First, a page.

The head of African football, Madagascan Ahmad Ahmad, has been banned from administering the game for five years by FIFA following an ethics investigation.
Ahmad, who is president of the Confederation of African Football (CAF), had intended to stand for re-election in March but the ban was announced as his campaign was about to kick off.
In a statement on Monday, world football’s governing body, FIFA, said the independent Ethics Committee had found Ahmad guilty of offering and accepting gifts and other benefits, and misappropriation of funds.
FIFA “sanctioned him with a ban from all football-related activity at both national and international level for five years”, it said.
Ahmad, who was also fined 200,000 Swiss francs (RM900,000), declined to comment when contacted by the Reuters news agency.
Ahmad’s first four-year term was clouded with allegations of financial wrongdoing and misconduct at the CAF headquarters in Cairo, Egypt.
He was detained by French authorities in Paris on the eve of the Women’s World Cup for questioning about a CAF equipment deal with a company that appeared to have little connection with football.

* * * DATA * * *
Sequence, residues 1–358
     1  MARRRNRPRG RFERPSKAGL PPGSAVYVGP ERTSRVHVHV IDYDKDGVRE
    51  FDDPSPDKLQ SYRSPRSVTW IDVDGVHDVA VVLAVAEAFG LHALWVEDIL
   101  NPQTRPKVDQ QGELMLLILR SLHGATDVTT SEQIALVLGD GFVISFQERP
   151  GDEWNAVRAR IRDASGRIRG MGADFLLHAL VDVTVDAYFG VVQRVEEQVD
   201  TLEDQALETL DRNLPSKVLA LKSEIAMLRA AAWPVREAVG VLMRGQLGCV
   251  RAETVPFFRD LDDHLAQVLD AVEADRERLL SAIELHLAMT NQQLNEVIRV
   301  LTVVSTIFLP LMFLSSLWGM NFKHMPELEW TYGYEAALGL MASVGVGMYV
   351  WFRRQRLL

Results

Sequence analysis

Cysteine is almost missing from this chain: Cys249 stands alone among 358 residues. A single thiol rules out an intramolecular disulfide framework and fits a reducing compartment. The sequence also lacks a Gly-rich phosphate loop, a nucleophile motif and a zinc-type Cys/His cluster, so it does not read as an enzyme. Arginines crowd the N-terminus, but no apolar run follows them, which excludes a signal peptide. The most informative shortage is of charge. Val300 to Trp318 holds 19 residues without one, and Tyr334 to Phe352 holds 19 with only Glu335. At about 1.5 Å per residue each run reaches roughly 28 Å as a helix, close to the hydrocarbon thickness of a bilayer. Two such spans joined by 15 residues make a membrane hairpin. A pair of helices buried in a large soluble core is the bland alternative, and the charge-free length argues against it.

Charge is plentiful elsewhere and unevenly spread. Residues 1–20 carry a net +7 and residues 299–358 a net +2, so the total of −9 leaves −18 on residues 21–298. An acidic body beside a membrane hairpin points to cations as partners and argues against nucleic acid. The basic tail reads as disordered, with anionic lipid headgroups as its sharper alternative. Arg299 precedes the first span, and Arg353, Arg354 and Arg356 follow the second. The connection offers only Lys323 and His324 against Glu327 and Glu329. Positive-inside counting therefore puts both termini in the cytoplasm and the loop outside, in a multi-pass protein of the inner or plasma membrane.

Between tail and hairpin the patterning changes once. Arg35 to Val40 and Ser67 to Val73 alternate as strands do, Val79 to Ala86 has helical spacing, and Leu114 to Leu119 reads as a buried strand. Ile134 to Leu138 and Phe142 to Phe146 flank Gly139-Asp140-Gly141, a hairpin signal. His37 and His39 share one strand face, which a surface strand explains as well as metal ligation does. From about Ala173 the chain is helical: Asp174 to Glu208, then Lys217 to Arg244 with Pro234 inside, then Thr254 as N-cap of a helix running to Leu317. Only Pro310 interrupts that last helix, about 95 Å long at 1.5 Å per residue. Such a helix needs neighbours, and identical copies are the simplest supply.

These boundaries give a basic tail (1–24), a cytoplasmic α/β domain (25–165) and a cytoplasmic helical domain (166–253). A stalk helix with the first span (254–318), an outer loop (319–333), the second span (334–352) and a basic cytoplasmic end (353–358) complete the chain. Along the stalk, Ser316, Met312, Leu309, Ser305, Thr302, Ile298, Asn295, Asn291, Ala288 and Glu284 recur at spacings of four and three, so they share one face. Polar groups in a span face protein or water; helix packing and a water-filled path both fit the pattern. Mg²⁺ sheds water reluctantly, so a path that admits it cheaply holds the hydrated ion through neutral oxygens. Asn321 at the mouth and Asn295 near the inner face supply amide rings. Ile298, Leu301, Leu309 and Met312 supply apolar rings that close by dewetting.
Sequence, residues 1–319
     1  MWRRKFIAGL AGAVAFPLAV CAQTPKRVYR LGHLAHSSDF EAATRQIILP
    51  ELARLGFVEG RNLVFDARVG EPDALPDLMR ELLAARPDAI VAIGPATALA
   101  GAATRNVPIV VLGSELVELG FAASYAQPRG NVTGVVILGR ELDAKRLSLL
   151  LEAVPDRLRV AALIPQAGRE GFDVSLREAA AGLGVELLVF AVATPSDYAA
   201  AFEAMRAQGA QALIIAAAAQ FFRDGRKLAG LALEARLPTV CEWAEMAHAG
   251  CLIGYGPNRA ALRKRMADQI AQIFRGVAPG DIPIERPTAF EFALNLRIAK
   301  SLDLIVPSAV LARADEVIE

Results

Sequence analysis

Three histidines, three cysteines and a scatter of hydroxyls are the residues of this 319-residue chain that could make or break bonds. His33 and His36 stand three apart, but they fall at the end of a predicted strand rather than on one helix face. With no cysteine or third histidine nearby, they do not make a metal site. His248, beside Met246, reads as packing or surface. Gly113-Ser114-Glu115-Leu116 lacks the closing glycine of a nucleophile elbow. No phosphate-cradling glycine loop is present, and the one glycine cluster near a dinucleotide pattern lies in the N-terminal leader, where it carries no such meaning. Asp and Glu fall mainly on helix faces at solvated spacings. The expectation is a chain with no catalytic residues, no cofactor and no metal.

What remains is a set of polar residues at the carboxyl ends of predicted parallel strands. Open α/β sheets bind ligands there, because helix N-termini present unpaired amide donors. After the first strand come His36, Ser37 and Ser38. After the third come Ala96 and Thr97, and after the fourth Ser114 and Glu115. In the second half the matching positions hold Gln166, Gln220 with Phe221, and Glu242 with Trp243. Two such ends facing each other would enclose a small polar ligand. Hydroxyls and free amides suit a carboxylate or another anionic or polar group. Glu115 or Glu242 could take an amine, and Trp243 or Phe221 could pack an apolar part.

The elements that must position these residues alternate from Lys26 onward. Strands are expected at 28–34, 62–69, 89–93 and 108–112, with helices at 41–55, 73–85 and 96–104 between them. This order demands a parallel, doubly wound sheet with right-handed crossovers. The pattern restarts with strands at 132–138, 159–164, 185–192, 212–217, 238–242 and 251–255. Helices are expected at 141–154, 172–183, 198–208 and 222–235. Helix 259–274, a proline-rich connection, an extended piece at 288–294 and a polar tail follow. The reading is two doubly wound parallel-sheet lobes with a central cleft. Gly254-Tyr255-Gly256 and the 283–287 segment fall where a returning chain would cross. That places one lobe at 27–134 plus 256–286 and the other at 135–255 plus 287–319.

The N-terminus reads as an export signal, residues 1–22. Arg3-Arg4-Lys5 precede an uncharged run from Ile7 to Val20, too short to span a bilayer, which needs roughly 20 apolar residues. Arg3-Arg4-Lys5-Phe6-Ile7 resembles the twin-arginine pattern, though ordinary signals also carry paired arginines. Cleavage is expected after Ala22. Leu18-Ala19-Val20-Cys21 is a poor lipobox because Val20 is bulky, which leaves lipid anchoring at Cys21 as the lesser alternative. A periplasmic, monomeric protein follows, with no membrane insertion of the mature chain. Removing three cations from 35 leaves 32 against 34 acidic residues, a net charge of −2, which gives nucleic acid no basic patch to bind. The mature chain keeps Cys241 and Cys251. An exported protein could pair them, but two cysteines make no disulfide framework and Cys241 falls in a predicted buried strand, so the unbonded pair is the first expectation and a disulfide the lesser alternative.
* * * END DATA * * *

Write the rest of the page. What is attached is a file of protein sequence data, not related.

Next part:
“The investigation into Ahmad’s conduct in his position as CAF president during the period from 2017 to 2019 concerned various CAF-related governance issues, including the organisation and financing of an umrah pilgrimage to Mecca, his involvement in CAF’s dealings with the sports equipment company Tactical Steel and other activities,” FIFA said in its statement.
An audit of CAF finances pointed to irregularities under Ahmad’s leadership. The report was ordered by FIFA while it effectively took over running the organisation for six months.
CAF paid for 18 people, including Ahmad and the Muslim heads of some of the continent’s 54 national member federations, to travel on umrah pilgrimage to Saudi Arabia.
The CAF election is scheduled for March 12 next year in Rabat, Morocco.